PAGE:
How Much Does Full-Time RV Living Cost in 2024?

We have been full-time RVers since 2021 and are breaking down exactly how much full-time RV living costs.

While many people assume it must be cheaper to live in an RV than to live in a traditional home, some of the costs and expenses might surprise you.

Let’s shed some light on exactly what it costs to RV full-time (and how you can save money while doing so) so that you can fulfill your RV travel dreams – no matter your budget!

Full-Time RV Living Expenses

An RV camping at a Harvest Host location next to a yellow building  overlooking a small harbor town in Newfoundland

When you decide to go full-time RVing, you can expect your expenses to generally fall into the following categories:

Fixed Expenses: These are your regular monthly costs that you can expect to stay the same month to month. This gives you a baseline for your expected costs and can help you budget for other expenses within your control (like entertainment and dining out)

  • RV payments
  • Vehicle payments
  • Internet costs
  • Cell-phone bill
  • RV Insurance
  • Vehicle Insurance
  • Medical/Health Insurance
  • Virtual Mailbox fees (if you choose to use a mailing service)
  • Storage unit cost (if you place items in storage)
  • Annual registration fees
  • Extended warranties
  • Roadside assistance
  • Camping memberships

Variable / Fluid Expenses: These are your costs that can go up or down depending on a variety of factors including where you are in the country, the type of camping you are doing, the weather, and unforeseen circumstances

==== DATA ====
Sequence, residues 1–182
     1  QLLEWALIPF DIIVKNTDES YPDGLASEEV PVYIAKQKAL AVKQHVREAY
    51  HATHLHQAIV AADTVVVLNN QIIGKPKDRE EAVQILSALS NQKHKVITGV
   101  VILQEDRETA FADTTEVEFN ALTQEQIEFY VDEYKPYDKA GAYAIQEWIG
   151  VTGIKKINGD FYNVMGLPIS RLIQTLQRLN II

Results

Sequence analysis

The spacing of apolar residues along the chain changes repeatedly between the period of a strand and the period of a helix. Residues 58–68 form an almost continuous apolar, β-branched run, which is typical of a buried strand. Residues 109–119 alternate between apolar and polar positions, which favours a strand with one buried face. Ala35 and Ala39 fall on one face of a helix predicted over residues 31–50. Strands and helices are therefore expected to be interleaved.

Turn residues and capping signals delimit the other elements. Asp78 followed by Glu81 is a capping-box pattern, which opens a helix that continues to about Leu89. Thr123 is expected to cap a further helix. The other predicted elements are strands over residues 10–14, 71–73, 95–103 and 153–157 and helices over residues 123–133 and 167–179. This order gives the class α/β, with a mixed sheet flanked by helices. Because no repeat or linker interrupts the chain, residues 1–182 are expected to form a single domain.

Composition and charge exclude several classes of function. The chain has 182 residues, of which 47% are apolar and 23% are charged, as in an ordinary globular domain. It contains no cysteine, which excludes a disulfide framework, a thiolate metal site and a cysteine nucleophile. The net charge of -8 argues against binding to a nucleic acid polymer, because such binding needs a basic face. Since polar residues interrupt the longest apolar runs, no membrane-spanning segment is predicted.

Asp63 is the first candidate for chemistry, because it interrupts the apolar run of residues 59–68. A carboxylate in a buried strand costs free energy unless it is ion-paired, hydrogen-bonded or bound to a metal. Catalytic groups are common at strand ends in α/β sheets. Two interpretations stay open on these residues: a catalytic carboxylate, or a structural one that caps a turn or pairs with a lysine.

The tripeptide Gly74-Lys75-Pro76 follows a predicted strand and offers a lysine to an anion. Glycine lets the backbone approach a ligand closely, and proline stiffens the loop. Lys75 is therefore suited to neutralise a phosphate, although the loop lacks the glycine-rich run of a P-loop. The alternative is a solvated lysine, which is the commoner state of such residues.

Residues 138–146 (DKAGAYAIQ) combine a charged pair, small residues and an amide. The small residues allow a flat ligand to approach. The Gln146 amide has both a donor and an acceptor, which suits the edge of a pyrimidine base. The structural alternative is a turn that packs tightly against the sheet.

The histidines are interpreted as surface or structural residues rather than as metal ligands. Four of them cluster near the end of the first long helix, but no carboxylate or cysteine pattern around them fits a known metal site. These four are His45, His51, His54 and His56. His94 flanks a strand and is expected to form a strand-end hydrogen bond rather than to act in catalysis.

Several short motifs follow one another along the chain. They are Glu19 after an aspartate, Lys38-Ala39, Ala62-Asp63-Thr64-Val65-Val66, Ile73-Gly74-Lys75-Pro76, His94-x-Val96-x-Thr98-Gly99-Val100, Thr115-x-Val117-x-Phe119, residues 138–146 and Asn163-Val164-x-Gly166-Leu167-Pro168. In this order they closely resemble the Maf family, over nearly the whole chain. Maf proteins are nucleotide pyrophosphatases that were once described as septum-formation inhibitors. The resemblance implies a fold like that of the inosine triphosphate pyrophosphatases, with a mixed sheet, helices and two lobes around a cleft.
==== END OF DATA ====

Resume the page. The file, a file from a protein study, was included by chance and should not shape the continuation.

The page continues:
• Fuel costs
  • Campground costs
  • RV maintenance
  • Vehicle maintenance
  • RV repairs
  • Vehicle repairs
  • Grocery costs
  • Entertainment (eating out, fun activities, etc.)
  • Propane
  • Dump stations & water filling fees
  • Miscellaneous & Hidden Expenses (pet costs, laundry fees, toll roads, unexpected medical events or things you would want to have an emergency fund for)

Phew, that feels like a long list. Whether you choose to RV full-time or live in a traditional home, life does come with quite a scroll of expenses.

What we love about full-time RV travel is not the idea of how much money we could save compared to living in a home, but how much we gain in terms of experiences.

We highly recommend using the above list of RV life expenses as a starting point to estimate what full-time RV living might cost for you based on your needs and spending habits.

As we will break down below, the true costs of RVing can vary greatly depending on factors like where you travel to, how often you travel, where you choose to stay, what type of RV you choose, and what vehicle you own.

We have met budget RVers who spend just $1,000 a month all in as a couple, as well as full-time RV families spending between $5000 and $8000 a month.

The range can be shockingly large!

This is what our average spending looks like as a full-time RV couple traveling throughout the U.S. and Canada:

Our Average Full-Time RV Living Costs

Fulfilling Travel founders and full time RVers, Zach and Alyssa, sitting in front of their RV with their labradoodle, Azalea.

We are a full-time RV couple who have been traveling around North America with our fifth wheel and diesel dually truck since 2021 with our labradoodle Azalea.

We consider our style of RV travel a middle ground between a true budget RVer and a luxury RVer.

While we do look for ways to save money while living on the road in our RV, we also are willing to spend money to make the most of our travel experiences.

We enjoy a mix of camping including spending time off-grid boondocking (free camping), nature-centric State Park and National Park campsites, as well as the odd RV park or RV resort with additional amenities (like a hot tub or swimming pool!).

We move roughly every 2 weeks and typically cover around 10,000 towing miles a year (yes our fuel expenses are generally very high😅!)

Want to learn how to camp for FREE? Check out this great resource on boondocking for beginners!